Warner Bros. Discovery Won’t Overspend to Win Streaming Subscribers, CEO David Zaslav Says

Warner Bros. Discovery Won’t Overspend to Win Streaming Subscribers, CEO David Zaslav Says

Warner Bros. Discovery Inc. Chief Executive

David Zaslav

said the newly formed entertainment conglomerate, whose assets include CNN, HBO and Warner Bros., would move fast to put his vision in place.

“We will clearly take swift and decisive actions on certain items, as you saw on CNN+ last week,” Mr. Zaslav told analysts on an earnings call Tuesday morning referring to the decision to shutter CNN’s direct-to-consumer streaming service about a month after it launched.

Mr. Zaslav also said the company wouldn’t spend wildly to boost its various news and entertainment assets when it comes to streaming.

“We are not trying to win the direct-to-consumer spending war,” he said.

Warner Bros.


WBD -4.14%

shares were 7.4% lower early Tuesday.

Mr. Zaslav began leading Warner Bros. Discovery earlier this month, after

AT&T Inc.

spun off its WarnerMedia unit and Discovery merged with it. The merger created a media giant whose properties include the Warner Bros. movie studio and the cable channels TNT, Food Network and HGTV in addition to HBO and CNN.

Warner Bros. Discovery has said it plans to combine its two most prominent streaming services, HBO Max and Discovery+, into one giant offering that will include both an ad-supported platform and a commercial-free offering. Mr. Zaslav didn’t provide updates on when the combined service would go live but said it was a priority.

He said there was a lot of crossover appeal between shows on HBO and Discovery. “You need a diversity of content for everybody in the home,” Mr. Zaslav said. “Our research shows that people who watch [HBO’s] ‘Euphoria’, their second favorite show is [TLC’s] ‘90 Day Fiancé.’ ”

Warner Bros. Discovery Chief Financial Officer

Gunnar Wiedenfels

said he would be scrutinizing content and marketing budgets at the new company as part of its stated plan of finding $3 billion in cost savings from the combination. Warner Bros. Discovery has a debt load of more than $55 billion to contend with as well.

Mr. Wiedenfels said the combined company spends $23 billion on content and an additional $5 billion on marketing, and he wants to make sure there is a return on investment for those outlays.

“We intend to drive the highest level of financial discipline here,” Mr. Wiedenfels said. He said he isn’t necessarily looking to reduce spending but to be “more efficient and consistent.”

Mr. Wiedenfels lowered the new company’s 2022 profit outlook by $500 million. He also said a similar approach to the decision to close CNN+ would be taken with other “chunky investments” that are “lacking a solid financial foundation.” He didn’t elaborate.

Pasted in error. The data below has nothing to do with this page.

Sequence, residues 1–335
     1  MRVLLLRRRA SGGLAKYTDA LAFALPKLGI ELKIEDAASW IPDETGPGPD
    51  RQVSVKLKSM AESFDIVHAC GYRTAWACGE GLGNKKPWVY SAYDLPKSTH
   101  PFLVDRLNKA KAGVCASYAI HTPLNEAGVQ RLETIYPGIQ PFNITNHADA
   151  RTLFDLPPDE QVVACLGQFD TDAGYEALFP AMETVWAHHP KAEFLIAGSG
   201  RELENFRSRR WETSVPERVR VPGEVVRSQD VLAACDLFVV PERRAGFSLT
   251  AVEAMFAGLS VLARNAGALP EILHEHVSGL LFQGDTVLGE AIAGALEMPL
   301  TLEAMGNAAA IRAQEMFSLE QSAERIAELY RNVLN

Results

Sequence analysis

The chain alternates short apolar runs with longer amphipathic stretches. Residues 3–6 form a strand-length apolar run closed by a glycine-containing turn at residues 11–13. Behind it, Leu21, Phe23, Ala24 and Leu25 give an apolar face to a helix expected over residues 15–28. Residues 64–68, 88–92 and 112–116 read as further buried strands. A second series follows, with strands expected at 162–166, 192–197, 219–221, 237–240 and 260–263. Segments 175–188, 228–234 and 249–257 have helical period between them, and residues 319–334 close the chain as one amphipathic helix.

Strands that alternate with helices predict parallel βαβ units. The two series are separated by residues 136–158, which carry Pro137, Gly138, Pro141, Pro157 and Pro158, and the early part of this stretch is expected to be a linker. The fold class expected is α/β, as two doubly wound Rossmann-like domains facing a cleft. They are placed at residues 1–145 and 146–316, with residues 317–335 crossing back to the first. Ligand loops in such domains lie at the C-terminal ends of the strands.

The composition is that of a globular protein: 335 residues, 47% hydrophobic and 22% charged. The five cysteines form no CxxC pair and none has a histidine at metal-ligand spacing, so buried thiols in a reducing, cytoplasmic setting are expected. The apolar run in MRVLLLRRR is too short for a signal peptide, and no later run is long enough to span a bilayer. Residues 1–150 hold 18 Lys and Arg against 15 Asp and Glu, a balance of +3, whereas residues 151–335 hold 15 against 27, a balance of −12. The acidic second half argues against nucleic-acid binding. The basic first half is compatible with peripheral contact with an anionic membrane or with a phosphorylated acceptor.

The remarks were made as the company disclosed the first-quarter results for Discovery. The results didn’t include Warner Bros. operations, which were acquired on April 8. AT&T reported the WarnerMedia results in its quarterly update last week.


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Discovery’s first-quarter revenue rose 13% to $3.16 billion, and net profit more than tripled to $456 million, helped in part by the unwinding of interest-rate derivative contracts related to the AT&T deal.

In the U.S., advertising revenue grew 5%, helped by higher pricing. Distribution revenue added 11%, primarily driven by the growth of Discovery+. The company ended the quarter with 24 million direct-to-consumer subscribers, an increase of 2 million subscribers since the end of the fourth quarter.

Mr. Zaslav has hinted at company meetings that layoffs are likely coming as well. There are many overlapping areas in the new company, including administrative and legal operations, as well as in the various businesses, such as cable networks, advertising sales and distribution.

The closing of CNN+ so soon after it launched sent shock waves through the news organization. CNN and then-parent WarnerMedia spent heavily prepping the platform and had committed continued investment in the coming years to build what it believed was the future delivery platform for the global news asset.

The new leadership, however, questioned the strategy even before the closing of the merger to combine WarnerMedia with Discovery, people familiar with their thinking said.

Mr. Zaslav had telegraphed his thoughts on CNN+ at a Warner Bros. Discovery companywide town hall earlier this month, when he said he wanted to put all the content operations under one umbrella instead of several stand-alone services. He said Discovery learned that lesson after launching a series of niche services that were eventually combined.

“We don’t want to go to eight places. We want to go to one place, and we want to see everything we want to see,” Mr. Zaslav said consumers told Discovery at the time, according to a person who attended the meeting. “When we put it all together, we were much more successful.”

CNN is getting new leadership next week, when

Chris Licht

officially starts as chairman and chief executive of the network. Mr. Licht is a news and entertainment veteran who has held senior positions at MSNBC and CBS News and most recently was executive producer of the


late night show hosted by

Stephen Colbert.

Besides restoring trust with staff after the gutting of CNN+, Mr. Licht has several challenges to address, including determining how to program the 9 p.m. hour of CNN, which has lacked a full time host since

Chris Cuomo

was fired last year.

Mr. Zaslav praised CNN on the call with analysts, saying “During critical moments the world turns to CNN,” and it is “the nation’s premier news outlet.”

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Rachel Meadows

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